Johnny's

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JOHNNY’S FINE MEXICAN FOOD
176 N Ventura Avenue
Ventura, CA 93001
(805) 648-2021

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As you know, if the burrito is a religion, I belong to the sect of carne asada. When faced with an unfamiliar town, amid a plethora of taqueria tabernacles at which to worship, offering a diverse array of liturgy and service (interesting, is it not, that “service” is what you receive at both church and restaurant?), carne asada is what I order. But I launched this Quest with no prejudice that when I found The Perfect Burrito, it would necessarily be of that noble variety. And I, Don Miguel de los Angeles de Masiado Cervezas, have just been repaid for my tolerance and open-mindedness with tender chunks of grace; a blessing, a miracle, the first legitimate contender for the prize, the moniker of “The Perfect Burrito.” Finding it here, on a humble street in a humble county seat with the uplifting name of San Buenaventura, gives me hope that we will yet turn this into a Good Venture: that we will fulfill the Quest.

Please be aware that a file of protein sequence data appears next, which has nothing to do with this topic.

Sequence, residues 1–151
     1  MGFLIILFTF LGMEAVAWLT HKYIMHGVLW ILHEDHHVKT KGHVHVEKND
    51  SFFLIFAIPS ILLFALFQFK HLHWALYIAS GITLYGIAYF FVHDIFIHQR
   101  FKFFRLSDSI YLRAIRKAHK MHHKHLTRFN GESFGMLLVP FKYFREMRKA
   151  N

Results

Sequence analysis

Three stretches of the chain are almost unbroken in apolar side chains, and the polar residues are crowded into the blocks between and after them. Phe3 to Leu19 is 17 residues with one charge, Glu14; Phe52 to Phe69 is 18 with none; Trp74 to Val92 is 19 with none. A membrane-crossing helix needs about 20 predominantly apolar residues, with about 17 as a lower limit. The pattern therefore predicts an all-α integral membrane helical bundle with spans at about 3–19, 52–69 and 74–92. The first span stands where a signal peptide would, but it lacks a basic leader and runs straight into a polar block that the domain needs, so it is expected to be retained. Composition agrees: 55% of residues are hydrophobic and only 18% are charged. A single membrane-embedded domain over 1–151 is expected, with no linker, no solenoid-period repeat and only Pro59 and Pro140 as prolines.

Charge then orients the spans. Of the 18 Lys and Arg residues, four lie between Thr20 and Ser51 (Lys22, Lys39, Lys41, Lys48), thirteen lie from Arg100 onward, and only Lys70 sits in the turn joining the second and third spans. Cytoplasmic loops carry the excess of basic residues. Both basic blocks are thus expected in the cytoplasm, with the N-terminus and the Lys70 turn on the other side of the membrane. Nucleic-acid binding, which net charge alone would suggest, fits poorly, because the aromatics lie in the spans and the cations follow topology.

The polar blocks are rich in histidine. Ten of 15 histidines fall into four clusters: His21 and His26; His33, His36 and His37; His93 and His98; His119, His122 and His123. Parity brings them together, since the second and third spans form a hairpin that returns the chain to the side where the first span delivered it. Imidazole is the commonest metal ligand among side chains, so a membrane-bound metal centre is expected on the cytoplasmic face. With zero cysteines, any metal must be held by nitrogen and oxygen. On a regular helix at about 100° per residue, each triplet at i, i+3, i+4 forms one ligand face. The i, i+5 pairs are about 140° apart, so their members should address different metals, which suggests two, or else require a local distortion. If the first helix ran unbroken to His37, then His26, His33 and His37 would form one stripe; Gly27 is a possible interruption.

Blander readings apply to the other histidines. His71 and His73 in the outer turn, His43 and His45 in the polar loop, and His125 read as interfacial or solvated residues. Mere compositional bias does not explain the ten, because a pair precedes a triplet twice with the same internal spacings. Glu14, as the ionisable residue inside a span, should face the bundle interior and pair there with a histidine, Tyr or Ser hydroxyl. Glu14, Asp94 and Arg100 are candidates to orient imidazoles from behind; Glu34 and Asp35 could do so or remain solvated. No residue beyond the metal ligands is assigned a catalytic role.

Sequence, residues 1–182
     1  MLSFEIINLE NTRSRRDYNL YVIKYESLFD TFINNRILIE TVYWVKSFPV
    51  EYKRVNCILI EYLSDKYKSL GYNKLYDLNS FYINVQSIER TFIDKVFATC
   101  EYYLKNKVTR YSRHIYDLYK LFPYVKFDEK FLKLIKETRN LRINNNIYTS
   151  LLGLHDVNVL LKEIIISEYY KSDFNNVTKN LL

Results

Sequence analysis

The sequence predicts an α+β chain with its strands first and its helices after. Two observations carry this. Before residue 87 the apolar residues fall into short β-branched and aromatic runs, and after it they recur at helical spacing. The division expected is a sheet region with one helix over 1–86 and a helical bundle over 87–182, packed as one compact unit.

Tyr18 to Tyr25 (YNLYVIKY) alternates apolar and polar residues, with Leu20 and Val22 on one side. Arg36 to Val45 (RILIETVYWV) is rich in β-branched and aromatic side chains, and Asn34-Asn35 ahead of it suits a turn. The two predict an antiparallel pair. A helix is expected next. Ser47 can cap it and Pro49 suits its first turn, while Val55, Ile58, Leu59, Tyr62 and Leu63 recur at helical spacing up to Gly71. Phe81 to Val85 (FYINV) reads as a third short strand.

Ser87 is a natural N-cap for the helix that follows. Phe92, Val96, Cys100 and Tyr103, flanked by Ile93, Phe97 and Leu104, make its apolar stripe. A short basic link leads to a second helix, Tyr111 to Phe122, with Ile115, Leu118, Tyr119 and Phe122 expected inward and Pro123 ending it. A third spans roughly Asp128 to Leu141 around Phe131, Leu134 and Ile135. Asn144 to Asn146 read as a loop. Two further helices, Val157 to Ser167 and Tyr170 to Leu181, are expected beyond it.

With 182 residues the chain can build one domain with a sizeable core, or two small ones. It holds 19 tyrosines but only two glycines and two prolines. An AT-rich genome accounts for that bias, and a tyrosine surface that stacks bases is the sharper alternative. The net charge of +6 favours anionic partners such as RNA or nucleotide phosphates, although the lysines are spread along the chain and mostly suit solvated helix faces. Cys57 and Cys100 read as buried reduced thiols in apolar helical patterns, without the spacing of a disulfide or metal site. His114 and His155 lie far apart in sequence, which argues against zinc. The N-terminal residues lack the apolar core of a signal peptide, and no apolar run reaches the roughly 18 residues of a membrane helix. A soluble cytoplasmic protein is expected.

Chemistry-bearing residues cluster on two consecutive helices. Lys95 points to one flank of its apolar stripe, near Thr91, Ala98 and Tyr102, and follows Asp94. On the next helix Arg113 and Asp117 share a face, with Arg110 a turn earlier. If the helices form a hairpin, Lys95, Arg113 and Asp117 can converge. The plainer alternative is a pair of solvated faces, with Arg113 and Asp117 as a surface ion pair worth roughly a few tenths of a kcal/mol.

A humble hut—aren’t all the best burritos born of humble huts?—on a nondescript strip of Ventura Avenue, Johnny’s (not Juan’s, or Juanito’s, or even Juanny’s) claims to have been run as a family business since 1962. One stands on the sidewalk to order from a tiny window, bending at the waist to bring one’s eyes to the height of, presumably, the average face-level of mid-twentieth-century Venturans. While waiting for their orders, patrons hover and queue like Catholics awaiting Communion around the service window. Solemn acolytes behind the counter set out, like holy wafers, a blue plastic bowl filled with fresh, hot, flaky, flour tortilla chips. Outside, a single, long picnic table huddles under a small shaded overhang adjacent to the sidewalk; inside, behind a rickety screen door, five or six yellowing Naugahyde booths un-invite you from a dingy interior. Hanging on the wall is a framed cover of the very same Sunset magazine under which mi hija Maria made her first apparition at El Tepeyac: The Ultimate Burrito. It both comforts and intimidates me, to know that others before have trodden Serra’s path in the pursuit of the oblong godhead.